· Balanced omnivore: Meat, dairy, vegetables, fruit, fish, beans, legumes;
· Avoid: Chicken, eggs, liver and “greens”.
Blood Type AB:
· Mixed diet: Lamb, fish, dairy, beans, legumes, tofu, grains, vegetables and fruit;
· Avoid: Chicken, kidney beans, corn and buckwheat.
One study showed that the Type A diet, a predominantly vegetarian diet, had improved health markers, in people not only with blood type A, but other blood types. In 2013, a major review concluded that the blood type diet is not scientifically supported. There is no research supporting the claims that this diet helps aid digestion, or gives you more energy. The Blood type diet also fails to address any other conditions such as hypertension, heart disease or cholesterol.
There are many different types of fasting. Some are solely liquid based, some are restricted to certain foods, some incorporate strict calorie restrictions, some limit the hours in the day in which you are allowed to eat and others skip a day or two of eating per week. During long periods of fasting the body is challenged when trying to maintain physiological balance. Behavioural, physiological and biological responses change in order to reduce metabolism and maintain tissue function and structure. Metabolism is thus shifted to depend on fat utilization when glycogen stores are depleted. Metabolism, hormones responsible for triggering digestion and the immune system is suppressed. Leptin is a hormone which is decreased in times of starvation, and will be explained in greater detail in the topic below.
Fasting is said to not be recommended for pregnant or lactating women, people with diabetes, children under eighteen years, the elderly, anyone with underlying medical conditions or on prescription drugs. Intermittent fasting is ultimately a calorie controlled diet which is a significant contributor to possible weight loss results. If you are fasting to detox your body, it is important to note that your liver and your kidney are your body’s main means of detoxing itself. Any imbalances and additional detoxing agents can even be counteracted in order to restore balance to the body. There is evidence that intermittent fasting may help prevent chronic diseases, but more research is needed. Research also states that “it is not a realistic long term solution”.
Strict calorie restriction diets:
Let's first look at some basic calorie counting concepts:
· No weight loss: Calories consumed = Calories used for energy throughout the day
· Weight loss: Calories consumed < Calories used for energy throughout the day
· Weight gain: Calories consumed > Calories used for energy throughout the day
Here's the tricky part. Too great a calorie restriction can actually be less beneficial. The more rapid and radical your weight loss journey, the greater your chances are of regaining that same weight. People need to be patient and wrap their heads around the concept of slower, more consistent weight loss approaches.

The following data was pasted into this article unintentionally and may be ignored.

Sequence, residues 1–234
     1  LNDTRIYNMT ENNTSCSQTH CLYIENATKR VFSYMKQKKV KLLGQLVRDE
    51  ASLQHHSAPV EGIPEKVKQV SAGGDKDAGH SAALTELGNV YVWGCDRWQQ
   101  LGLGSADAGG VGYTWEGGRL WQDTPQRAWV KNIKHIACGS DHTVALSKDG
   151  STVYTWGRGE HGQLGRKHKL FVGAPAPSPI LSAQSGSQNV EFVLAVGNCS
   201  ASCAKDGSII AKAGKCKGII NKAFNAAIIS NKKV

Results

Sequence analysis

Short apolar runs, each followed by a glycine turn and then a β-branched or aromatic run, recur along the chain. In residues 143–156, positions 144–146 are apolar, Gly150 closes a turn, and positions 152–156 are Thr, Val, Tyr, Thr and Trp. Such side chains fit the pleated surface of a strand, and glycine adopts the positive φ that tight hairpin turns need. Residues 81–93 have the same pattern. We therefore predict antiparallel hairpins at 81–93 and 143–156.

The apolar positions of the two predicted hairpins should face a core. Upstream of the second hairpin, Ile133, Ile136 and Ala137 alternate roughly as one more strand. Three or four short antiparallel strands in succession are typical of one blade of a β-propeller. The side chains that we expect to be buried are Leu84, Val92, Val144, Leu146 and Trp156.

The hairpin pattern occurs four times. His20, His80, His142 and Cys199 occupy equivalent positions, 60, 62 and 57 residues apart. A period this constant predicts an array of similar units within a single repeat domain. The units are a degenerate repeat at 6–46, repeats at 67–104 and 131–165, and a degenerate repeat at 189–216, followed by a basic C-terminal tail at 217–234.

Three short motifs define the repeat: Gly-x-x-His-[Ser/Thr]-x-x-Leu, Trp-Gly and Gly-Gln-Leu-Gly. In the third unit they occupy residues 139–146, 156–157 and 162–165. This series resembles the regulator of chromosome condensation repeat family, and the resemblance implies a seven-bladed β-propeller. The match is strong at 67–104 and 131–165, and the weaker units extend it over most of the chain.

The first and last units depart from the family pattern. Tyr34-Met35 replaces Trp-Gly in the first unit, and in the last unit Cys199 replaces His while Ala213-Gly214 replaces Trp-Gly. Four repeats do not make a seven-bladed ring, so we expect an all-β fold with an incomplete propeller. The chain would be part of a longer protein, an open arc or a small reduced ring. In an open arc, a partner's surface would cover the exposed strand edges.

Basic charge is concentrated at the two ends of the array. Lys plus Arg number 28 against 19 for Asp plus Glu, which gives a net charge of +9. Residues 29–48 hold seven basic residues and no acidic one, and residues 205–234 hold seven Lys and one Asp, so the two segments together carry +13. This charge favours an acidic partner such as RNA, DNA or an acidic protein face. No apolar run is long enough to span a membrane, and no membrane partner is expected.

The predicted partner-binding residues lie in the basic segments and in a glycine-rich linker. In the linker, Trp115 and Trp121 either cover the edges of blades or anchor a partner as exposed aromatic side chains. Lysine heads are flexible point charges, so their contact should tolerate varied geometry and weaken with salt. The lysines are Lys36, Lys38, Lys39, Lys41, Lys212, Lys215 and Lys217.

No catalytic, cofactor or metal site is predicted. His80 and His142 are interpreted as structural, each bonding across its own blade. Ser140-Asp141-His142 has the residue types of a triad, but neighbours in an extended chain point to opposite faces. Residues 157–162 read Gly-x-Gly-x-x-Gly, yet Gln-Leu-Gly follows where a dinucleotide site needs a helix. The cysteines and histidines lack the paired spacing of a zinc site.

Radical calorie restriction (in attempt to lose weight) has shown to slow down metabolism significantly. Metabolism is our body's process of converting what we eat and drink into energy to be used in daily activities. Meaning that people with extremely slow metabolism will need to eat significantly less calories in order to maintain a weight compared to people with a faster metabolism. Fast weight loss can lead to an initial drop in body fat, which causes a subsequent lowering of leptin levels- the hormone responsible for controlling hunger, which researchers believe causes the higher cravings. I advocate the implementation of small habitual changes which can be worked into your daily life in a sustainable way.
So after the overload of information, you may be thinking, “Well what now then!?”.
Well, there is a silver lining in the end, because all of these diets and research studies can teach us a lot. Analysts compared different fad diets and identified the overlays in order to assess the common recommendations that all these diets share. The thinking being that if we incorporate these undeniable truths, we will achieve the desired outcomes. Below are a few simple tips, taking the positives from the above literature and avoiding the potential unwanted negative results of the cons.
● Cut down on sugar;
● Cut down on refined carbohydrates;
● Add more fresh vegetables to your plate;
● Eat whole foods (less preserved foods); and
● Avoid extremism.
Warning signs to look out for:
● Promises of rapid and radical results;
● Advertising propaganda;
● Unqualified people (many public figures) giving nutrition advise and self-proclaimed experts from their own experience;
● Profitable companies selling ideologies and benefiting from sales of their own products;
● "Good food" and "bad food" stigmas;
● Nutrition recommendations not based on peer reviewed articles;
● Complete elimination of one or more of the main food groups (See Part One of the nutrition rated blog posts to find out more about how to balance the different food groups on your plate).
There is no one diet aimed at weight loss which will work for everyone. It is for this reason why a dietitian should be consulted for the assessment of an individual's needs. A high protein diet may be essential for one person (e.g.: malnutrition, surgery, burns...) and detrimental to the next (kidney failure). I would recommend you stop dieting. And start looking at how you can make sustainable, meaningful changes to your lifestyle. By working on a healthy relationship with food and your body image and making those small changes in your lifestyle, weight loss will come easily and naturally.